Race Relations Commissioner Meng Foon accepts there are other people who could have leaked his planned resignation to journalists on Friday other than the Prime Minister’s office, which he alleged today.
Foon had intended to resign yesterday after being informed by Ministry of Justice Secretary Andrew Kibblewhite that it was “highly probable” Foon would be removed as commissioner, chiefly for not adequately disclosing the money he received as director of a company that was paid by the Ministry of Social Development to provide emergency housing in Tairāwhiti.
However, Foon’s intended resignation was reported by several media organisations on Friday afternoon, leading Foon to believe the Prime Minister’s office had leaked it to journalists, given he had emailed Chris Hipkins to inform the PM of his decision on Friday morning.
Speaking to the Herald, Foon has walked that claim back slightly, accepting that it was possible the information could have come from other sources, including the Ministry of Justice and close friends he consulted on Friday.
“Yes, I can’t be sure, sure,” he said.
Nevertheless, he stood by his claim as being a possibility. Hipkins will likely field questions on this during his post-Cabinet meeting press conference.
Regardless of how the information got out, Foon’s future is now unclear as Foon believes he hasn’t officially resigned and is expecting a letter from Associate Justice Minister Dr Deborah Russell that adds to her statement on Friday that Foon breached the Crown Entities Act for not adequately declaring his conflict of interest and should be removed.
Russell chose not to comment and referred to the Herald to her Friday statement.
Associate Justice Minister Dr Deborah Russell believed Foon should be removed as race relations commissioner. Photo / Mark Mitchell
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Foon was a director of MY Gold Investments Ltd - a company trading as Tatapouri Bay Accommodation. It received more than $2 million from the Government to provide emergency housing between 2019 and 2023. Foon was appointed Race Relations Commissioner in August, 2019.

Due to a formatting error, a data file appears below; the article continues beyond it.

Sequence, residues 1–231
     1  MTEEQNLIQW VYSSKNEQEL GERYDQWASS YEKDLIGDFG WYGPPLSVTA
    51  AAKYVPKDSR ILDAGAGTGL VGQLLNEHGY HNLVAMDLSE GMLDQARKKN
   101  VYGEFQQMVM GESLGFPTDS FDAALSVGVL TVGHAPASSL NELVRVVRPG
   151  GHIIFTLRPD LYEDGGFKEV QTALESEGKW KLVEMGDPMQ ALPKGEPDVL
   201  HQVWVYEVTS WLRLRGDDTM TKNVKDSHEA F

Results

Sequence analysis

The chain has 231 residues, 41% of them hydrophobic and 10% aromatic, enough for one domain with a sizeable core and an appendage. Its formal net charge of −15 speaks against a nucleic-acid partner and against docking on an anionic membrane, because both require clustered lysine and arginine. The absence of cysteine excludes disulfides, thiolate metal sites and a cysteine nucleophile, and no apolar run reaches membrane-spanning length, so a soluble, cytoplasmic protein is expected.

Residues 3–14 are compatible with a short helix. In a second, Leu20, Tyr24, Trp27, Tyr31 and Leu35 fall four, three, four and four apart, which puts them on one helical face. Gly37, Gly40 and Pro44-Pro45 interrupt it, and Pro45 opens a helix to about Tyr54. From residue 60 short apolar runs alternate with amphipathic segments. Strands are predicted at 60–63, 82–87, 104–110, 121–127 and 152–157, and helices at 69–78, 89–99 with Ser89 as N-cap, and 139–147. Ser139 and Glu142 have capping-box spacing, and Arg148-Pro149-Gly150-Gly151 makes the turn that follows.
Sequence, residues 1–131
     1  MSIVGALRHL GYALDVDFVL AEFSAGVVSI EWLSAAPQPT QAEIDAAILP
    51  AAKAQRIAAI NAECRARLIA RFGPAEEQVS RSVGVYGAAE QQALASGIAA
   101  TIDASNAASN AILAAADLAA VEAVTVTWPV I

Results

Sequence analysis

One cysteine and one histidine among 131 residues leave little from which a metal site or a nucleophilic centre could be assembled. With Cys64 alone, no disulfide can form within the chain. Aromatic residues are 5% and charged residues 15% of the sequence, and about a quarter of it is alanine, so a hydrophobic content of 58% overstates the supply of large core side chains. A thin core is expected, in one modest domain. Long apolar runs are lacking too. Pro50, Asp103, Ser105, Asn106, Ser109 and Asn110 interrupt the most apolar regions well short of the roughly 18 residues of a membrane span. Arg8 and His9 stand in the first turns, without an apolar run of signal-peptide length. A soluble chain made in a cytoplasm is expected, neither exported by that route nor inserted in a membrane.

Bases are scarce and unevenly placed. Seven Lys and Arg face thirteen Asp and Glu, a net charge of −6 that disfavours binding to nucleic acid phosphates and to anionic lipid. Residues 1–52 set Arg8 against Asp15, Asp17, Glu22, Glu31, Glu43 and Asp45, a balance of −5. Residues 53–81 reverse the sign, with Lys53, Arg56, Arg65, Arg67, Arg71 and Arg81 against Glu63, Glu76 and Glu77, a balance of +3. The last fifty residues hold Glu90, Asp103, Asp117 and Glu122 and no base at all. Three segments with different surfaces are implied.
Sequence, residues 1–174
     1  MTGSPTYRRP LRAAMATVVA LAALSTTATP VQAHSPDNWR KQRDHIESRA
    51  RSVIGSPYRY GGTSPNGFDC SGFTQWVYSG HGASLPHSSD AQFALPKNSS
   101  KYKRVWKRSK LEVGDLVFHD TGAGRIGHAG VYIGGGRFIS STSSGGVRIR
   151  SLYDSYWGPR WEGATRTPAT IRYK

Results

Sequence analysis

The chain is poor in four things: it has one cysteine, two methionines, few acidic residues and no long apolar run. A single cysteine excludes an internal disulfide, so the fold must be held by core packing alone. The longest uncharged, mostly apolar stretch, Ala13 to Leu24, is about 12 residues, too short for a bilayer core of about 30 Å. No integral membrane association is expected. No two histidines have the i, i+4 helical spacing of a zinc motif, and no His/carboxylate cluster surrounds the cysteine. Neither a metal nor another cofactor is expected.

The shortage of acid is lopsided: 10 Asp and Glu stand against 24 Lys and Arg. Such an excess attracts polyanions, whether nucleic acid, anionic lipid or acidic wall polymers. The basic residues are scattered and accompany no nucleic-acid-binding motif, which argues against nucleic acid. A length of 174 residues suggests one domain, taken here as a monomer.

Foon was also involved in a Human Rights Commission inquiry and subsequent report on emergency housing, while “never adequately declaring his interest”, according to Russell’s statement.
It followed issues arising from Foon’s donations to Labour’s Kiri Allan before she became Justice Minister and therefore responsible for the Human Rights Commission. Allan hadn’t registered the potential perceived conflict of interest with the Cabinet Office.
On his register of interests, seen by the Herald, which was provided to the Human Rights Commission ahead of his appointment in 2019, Foon listed his position with MY Gold Investments under “Other of Interest” and had written next to it, “MSD Emergency Housing”.
Another document declaring Foon’s interests, required by the Commission, listed MY Gold Investments as an income source for Foon, but it did not feature any mention of the emergency housing funding.
Foon argued his “MSD Emergency Housing” reference in his register of interests was a sufficient declaration.
Foon has also provided evidence that this reference was not carried over by the Human Rights Commission to the conflicts of interest register or the list of board member interests that inform standing agenda items at all meetings.
The commission’s Paul Hunt acknowledged this in a letter on June 9 to Minister Russell. Hunt is expected to speak to the Herald later today to explain why.
Chief Human Rights Commissioner Paul Hunt. Photo / Supplied
Foon accepted he should have declared his company’s role in providing emergency housing during the commission’s inquiry, but believed he wasn’t not provided with adequate support or training in what was necessary to declare.
“The Human Rights Commission failed in its duty of care,” Foon wrote to Russell on June 7.
On Friday morning, Foon received a call from Kibblewhite, who informed him it was likely Russell would recommend he be removed as Race Relations Commissioner.
Foon opted to resign on Sunday, which was reportedly agreed to by Kibblewhite.
He then emailed Hipkins about 10.30am, saying he would be resigning on Sunday because he “didn’t declare the amount of money MY Gold Investments was receiving from MSD”.
Given the news broke on Friday, Foon has now reconsidered and he expected Russell to follow the other process set out by Kibblewhite on Friday that Russell would provide a more detailed explanation of her view in writing and give Foon another chance to respond.
In light of Minister Michael Wood’s recent conflict of interest scandal, Foon hoped he would be judged fairly and held to the same standard.
Wood was temporarily stripped of the transport portfolio after it was revealed by the Herald he hadn’t properly declared shares he had in Auckland Airport during the time when he was the minister responsible for the aviation sector. Hipkins was yet to advise whether Wood would return as Transport Minister.
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